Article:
Egypt's Age of Transition: Unintentional Cosmopolitanism during the Reign of Muhammad 'Ali (1805-1848)

By El Ashmouni, Marwa; Bartsch, Katharine | Arab Studies Quarterly, Winter 2014 | Go to article overview

Egypt's Age of Transition: Unintentional Cosmopolitanism during the Reign of Muhammad 'Ali (1805-1848)


El Ashmouni, Marwa, Bartsch, Katharine, Arab Studies Quarterly


The Alabaster Mosque: A Selective Hybrid

In 1849, the remains of Muhammad 'All Pasha (b. 1771-1849),' governor of Egypt in the name of the Ottoman Turkish sultan since 1805, were interred in a splendid marble tomb. The tomb is located in an eponymous mosque, also known as the Alabaster Mosque (Fig. 1), which dominates the Citadel of Cairo. From its lofty perch, it proclaims the reign of the Pasha whose dynasty (of prodigious nation builders, including Khedive Ismä'11 who remodeled Cairo after Haussmann) prevailed until the abdication of King Farouk in 1952.2 The design of the mosque is attributed to the Greek architect Yusuf Boshnak and it is modeled on the plan of the mosque of Sultan Ahmad in Istanbul.3 The completed scheme is, however, an unusual hybrid of European neo-classicism and classical Ottoman precedents. The construction was undertaken by Rumi (European) artisans hailing from Greece, Turkey, Bulgaria and Albania. The lead cladding of the domes and minarets was completed by Turkish craftsmen, the alabaster facing is attributed to Egyptian masons supervised by the foreigner Khwäja Simon, and the copper windows were based on drawings by an Armenian artist.4 Not least, the iron clock (Fig. 3) was a gift from King Louis-Philippe in 1845 in exchange for the Pharaonic obelisk which stands in the Place de la Concorde in Paris.5

This scheme was built in favor of an earlier design proposed by the eminent French architect and engineer Pascal-Xavier Coste, who lived and worked in Egypt for more than ten years (1817-27) (Fig. 2). He was recommended to the Pasha by the French geographer, and contributing author to La Description de l'Egypte (1809-29), Edme-François Jomard.6 Coste's design for the mosque was based on Mamlük precedents which he had documented in his memoir and identified as being the most authentic style to Egypt;7 this memoir has now been compiled in the lavishly illustrated publication Toutes les Egypte (1998).8 Although Coste was willingly engaged by the Pasha for other projects, Muhammad 'All rejected his Mamlük-inspired design outright. This is perhaps not surprising. Not only was the Pasha responsible for the destruction of a number of Mamlük palaces, demolished to make way for his new mosque, but he was also associated with the murder of 500 Mamlüks whom he had invited to a party in the Citadel in 1811.9 The Mamlüks, who had ruled Egypt from this stronghold for the previous six centuries, were also the Pasha's most immediate political rivals.10 Originally military slaves (Arab, mamlük, slave, from malaka, to possess) drawn from Circassia, a region in the Caucasus, the Mamlüks converted to Islam, rose to power and ruled Egypt from 1250-1517, and maintained local power during both the Ottoman rule (1517-1789) and the French occupation (1798-1801) until their downfall at the command of 'All in 1805."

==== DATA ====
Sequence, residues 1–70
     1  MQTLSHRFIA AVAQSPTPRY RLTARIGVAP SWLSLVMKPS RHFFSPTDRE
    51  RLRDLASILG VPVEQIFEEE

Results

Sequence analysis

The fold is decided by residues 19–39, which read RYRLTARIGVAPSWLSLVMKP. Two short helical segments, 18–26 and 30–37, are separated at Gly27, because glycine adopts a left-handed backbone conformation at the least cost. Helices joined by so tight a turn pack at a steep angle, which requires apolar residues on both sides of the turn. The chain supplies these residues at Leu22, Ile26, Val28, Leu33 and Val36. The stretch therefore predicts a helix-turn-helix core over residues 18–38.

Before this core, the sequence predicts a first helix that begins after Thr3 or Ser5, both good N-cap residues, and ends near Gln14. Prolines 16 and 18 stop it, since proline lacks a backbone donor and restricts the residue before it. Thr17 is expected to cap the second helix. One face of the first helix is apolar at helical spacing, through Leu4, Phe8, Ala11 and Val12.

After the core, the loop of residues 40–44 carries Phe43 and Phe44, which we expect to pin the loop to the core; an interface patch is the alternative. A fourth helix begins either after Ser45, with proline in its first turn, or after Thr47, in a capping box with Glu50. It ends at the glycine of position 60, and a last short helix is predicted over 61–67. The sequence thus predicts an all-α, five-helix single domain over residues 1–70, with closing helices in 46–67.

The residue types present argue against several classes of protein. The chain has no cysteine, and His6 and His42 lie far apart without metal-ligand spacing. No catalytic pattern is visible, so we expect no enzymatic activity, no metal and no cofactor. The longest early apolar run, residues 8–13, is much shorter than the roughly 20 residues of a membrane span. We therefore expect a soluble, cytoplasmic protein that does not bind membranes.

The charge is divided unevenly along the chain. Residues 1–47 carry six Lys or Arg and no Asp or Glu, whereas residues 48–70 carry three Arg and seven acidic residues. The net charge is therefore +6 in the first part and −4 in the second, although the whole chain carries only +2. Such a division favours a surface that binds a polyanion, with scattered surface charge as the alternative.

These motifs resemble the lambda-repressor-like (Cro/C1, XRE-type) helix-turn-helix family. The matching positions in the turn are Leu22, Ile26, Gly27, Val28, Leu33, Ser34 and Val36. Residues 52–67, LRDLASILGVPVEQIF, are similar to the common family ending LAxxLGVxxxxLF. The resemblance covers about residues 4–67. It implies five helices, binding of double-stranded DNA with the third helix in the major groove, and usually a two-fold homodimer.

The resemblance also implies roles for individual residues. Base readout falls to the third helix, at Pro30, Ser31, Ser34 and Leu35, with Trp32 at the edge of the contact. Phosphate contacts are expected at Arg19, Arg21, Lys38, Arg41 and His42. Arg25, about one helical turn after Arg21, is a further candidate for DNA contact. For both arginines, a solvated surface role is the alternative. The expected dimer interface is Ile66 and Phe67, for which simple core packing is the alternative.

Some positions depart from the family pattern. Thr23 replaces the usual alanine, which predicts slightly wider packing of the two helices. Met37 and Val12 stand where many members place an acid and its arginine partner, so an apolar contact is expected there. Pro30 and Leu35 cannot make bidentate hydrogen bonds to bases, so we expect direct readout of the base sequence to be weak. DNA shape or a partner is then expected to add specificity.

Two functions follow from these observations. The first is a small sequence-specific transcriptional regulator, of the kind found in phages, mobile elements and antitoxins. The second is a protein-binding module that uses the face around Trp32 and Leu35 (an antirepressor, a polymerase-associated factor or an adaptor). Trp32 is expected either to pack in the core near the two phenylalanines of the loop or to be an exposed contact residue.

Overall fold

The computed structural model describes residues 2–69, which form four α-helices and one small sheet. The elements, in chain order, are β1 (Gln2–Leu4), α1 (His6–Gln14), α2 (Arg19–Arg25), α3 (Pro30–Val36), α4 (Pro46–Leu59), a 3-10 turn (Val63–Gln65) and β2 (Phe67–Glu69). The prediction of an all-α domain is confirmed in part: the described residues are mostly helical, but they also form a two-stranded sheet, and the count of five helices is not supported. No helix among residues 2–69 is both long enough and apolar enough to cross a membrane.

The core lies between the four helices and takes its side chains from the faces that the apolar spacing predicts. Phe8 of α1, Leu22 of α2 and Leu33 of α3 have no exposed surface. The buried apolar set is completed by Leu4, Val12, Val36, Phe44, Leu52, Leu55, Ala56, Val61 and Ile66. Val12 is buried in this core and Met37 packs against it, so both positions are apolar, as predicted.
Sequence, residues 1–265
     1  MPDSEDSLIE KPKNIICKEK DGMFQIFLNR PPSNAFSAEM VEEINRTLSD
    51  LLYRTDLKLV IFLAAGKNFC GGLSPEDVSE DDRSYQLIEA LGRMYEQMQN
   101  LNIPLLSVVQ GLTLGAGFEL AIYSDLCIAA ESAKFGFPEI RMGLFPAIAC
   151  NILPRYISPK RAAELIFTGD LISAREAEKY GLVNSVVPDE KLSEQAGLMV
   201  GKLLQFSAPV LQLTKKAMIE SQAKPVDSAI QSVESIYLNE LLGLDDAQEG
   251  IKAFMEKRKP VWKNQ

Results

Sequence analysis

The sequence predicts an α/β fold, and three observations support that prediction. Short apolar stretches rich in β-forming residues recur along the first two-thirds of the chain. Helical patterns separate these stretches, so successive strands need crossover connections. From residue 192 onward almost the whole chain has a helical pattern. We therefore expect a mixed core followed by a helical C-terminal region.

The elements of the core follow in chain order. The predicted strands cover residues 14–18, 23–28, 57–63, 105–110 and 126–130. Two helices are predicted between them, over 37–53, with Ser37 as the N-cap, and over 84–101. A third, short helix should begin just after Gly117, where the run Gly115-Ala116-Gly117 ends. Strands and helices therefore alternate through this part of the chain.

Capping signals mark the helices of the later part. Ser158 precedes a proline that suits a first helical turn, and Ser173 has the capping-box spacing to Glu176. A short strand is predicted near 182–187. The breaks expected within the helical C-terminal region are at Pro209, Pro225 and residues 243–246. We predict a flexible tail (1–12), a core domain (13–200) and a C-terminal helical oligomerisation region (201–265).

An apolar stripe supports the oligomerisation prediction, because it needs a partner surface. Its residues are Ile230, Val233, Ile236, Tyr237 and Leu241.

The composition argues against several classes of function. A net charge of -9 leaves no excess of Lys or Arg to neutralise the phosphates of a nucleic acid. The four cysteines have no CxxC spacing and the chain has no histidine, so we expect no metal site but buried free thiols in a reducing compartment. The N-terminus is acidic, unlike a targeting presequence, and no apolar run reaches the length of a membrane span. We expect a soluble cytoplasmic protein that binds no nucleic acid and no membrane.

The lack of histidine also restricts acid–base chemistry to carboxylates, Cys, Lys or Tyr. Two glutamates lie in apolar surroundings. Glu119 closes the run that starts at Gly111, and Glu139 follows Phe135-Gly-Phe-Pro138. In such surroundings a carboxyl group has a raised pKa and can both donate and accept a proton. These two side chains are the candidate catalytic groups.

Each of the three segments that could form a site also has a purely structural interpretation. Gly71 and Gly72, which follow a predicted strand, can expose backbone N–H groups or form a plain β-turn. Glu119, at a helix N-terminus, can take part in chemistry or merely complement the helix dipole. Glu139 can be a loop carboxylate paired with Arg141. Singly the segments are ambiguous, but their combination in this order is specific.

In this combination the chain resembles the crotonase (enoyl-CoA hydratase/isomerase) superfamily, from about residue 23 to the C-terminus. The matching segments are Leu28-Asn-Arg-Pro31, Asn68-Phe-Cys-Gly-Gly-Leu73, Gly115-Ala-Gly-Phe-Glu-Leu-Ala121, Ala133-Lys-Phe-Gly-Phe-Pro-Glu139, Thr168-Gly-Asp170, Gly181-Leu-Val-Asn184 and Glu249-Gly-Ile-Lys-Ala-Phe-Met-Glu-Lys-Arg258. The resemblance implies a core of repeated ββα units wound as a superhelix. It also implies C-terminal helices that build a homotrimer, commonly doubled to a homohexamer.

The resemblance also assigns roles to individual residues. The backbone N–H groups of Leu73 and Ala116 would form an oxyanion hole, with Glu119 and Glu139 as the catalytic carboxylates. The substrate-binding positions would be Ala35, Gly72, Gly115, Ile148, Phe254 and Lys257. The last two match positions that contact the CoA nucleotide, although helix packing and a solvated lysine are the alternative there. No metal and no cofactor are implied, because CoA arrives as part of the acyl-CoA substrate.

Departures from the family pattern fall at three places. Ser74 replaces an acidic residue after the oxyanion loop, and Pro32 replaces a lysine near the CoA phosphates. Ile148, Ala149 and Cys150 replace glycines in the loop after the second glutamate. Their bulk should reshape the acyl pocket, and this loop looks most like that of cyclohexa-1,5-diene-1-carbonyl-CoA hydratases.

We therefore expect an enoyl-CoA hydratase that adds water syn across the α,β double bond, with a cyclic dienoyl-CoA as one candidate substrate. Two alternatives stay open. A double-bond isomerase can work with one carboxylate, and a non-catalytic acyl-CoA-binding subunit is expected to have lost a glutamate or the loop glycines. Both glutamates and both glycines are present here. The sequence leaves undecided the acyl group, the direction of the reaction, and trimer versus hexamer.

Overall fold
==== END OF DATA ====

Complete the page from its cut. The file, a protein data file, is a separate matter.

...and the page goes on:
Given its hybridity, the mosque is suggestive of a broader cosmopolitan project within the Mediterranean region that was actively supported by Muhammad 'All. The cosmopolitan character of Egypt is widely acknowledged by Middle East scholars. However, the primary focus of previous studies of Egyptian cosmopolitanism is the mid-late nineteenth century, after Muhammad 'All's reign.12 Notably, a longer history is identified by the sociologist Sami Zubaida, who acknowledges the formation of cosmopolitan enclaves in Egypt over the course of the nineteenth century, while Maya Jasanoff and Robert Ilbert offer intriguing insights into cosmopolitan Alexandria in the late eighteenth century.13 One may even argue that cosmopolitanism has a far longer history in Egypt given the cultural intersections which stem from the region's antique trade with Nubians, Phoenicians and Greeks. Subsequent invaders have prized the imperial Roman grain basket leading to intermittent periods of colonization, whether they were lured by the Nile's fertile floodplains or antique treasures. However, as Zubaida has argued, cosmopolitanism in general is:

not the fact of multi-cultural coexistence, but the development of ways of living and thinking, styles of life which are deracinated from communities and cultures of origin, from conventional living, from family and home-centredness, and have developed into a culturally promiscuous life, drawing on diverse ideas, traditions and innovations. …

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